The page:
Four ways to promote knowledge management and reap the dividends


Share on LinkedIn

Photo by on

Every day, your customer service agents are fielding inquiries from customers. Similarly, your online community is overflowing with customer questions. Some of these might be the same issue, over and over and some are new–new problems in need of a solution.

This is where a robust knowledge management practice is invaluable for companies. As solutions are developed in the customer service contact center and in online communities, a wealth of knowledge is generated. Using knowledge management processes, these solutions are roughly documented, edited and placed into a standardized format, validated, and published. Knowledge management makes the wisdom of your customer service team and customers in the community available in a constantly-evolving library of solutions. And making them available reduces the time a customer spends facing the issue.

Knowledge management is an investment that only pays off when it gets used. Unfortunately, its use is sometimes unwittingly limited. Let’s examine four ways to expand its use.

Customer self-service

It’s  no surprise Forrester stated in their trends report in 2017 that “customer service will continue to invest in structured knowledge management … to extend the reach of curated content.” For many companies, it serves as a cornerstone to their customer self-service strategy.

Organizations adopt knowledge management in the first place to provide a searchable, always-available-from-anywhere source of answers for customers. Knowledge management makes it easy for customers to go online and use keywords or phrases to find solutions.

Chatbot conversations

Chatbots, another form of customer self-service, continue to grow in popularity. Gartner has predicted that by 2020, twenty-five percent of customer service operations will be using them. Chatbots perform well for customer service, providing a conversational interface to problem-solving and can be an easier means than search for customers.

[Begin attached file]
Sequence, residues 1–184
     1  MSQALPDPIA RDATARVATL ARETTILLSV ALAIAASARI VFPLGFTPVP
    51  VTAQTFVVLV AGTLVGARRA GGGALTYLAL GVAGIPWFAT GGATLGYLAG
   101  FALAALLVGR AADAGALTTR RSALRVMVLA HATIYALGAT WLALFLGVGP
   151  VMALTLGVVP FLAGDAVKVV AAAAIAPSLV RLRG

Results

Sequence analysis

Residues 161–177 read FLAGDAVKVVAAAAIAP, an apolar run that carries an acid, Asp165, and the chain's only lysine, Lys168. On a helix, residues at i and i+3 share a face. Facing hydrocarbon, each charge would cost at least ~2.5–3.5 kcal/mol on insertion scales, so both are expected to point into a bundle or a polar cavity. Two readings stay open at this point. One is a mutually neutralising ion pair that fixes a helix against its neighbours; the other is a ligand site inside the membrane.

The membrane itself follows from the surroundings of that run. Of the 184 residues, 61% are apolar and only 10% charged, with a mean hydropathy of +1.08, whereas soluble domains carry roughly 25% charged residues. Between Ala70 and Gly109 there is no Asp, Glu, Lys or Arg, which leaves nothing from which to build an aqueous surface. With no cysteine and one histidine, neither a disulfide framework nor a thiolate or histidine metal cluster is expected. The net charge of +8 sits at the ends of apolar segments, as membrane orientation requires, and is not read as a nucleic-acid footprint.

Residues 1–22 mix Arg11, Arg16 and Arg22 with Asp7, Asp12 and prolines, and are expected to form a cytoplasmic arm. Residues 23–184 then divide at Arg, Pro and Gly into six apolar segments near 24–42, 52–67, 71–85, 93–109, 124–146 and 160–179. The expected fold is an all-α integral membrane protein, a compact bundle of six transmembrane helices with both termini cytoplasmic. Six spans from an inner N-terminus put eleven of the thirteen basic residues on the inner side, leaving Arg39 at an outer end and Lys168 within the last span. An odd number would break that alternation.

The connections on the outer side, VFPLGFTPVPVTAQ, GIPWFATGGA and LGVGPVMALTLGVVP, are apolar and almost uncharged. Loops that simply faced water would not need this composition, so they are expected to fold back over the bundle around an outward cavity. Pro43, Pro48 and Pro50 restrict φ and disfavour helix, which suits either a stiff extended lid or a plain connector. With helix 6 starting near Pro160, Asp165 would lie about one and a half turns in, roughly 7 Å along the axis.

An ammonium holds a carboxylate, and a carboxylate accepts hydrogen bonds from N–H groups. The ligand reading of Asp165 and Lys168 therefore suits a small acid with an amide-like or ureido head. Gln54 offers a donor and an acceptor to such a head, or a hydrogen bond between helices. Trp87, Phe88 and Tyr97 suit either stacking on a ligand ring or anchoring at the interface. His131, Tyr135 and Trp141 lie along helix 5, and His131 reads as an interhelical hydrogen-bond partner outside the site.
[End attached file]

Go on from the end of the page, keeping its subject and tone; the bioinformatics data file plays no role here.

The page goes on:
Chatbots need information to be successful. Today, they are unable to truly troubleshoot problems; they are merely following a script or path gleaned from machine learning or other training. This is where knowledge management comes in. Once the chatbot has determined the customer’s problem, it can direct them to the appropriate knowledge article.

Agent assistance

Brand new or seasoned veteran, customer service agents don’t always have all the answers. New agents struggle to quickly amass a working knowledge of answers and even the pros will forget things from time-to-time. And for both, there’s always the “new-to-them” problems that have already been diagnosed and resolved by a colleague but they have not yet heard of.

Knowledge management serves as a great crutch for them. Just as the knowledgebase connects customers to solutions, so too can the agent rely on this resource to assist customers.

“Knowledge nudges”

Customers might not be aware of or are wary of searching a knowledgebase or interacting with a chatbot. Their reasons might be because they don’t understand how to use either or they have had little success with them in the past. In those situations, they might opt to use other channels to find a solution–channels that not only involve live agent interaction but also might mean a slower time-to-resolution. In those situations, it’s time to get innovative to still leverage that knowledge management investment.

Insert knowledge article suggestions into your other service channels. For example, as customers use email and case submission processes, perform a knowledgebase search for them anyway and offer possible solutions. One of those suggestions might solve the problem in-the-moment and deflect the need for a live agent to respond. (Plus the customer will be happier with that faster answer.)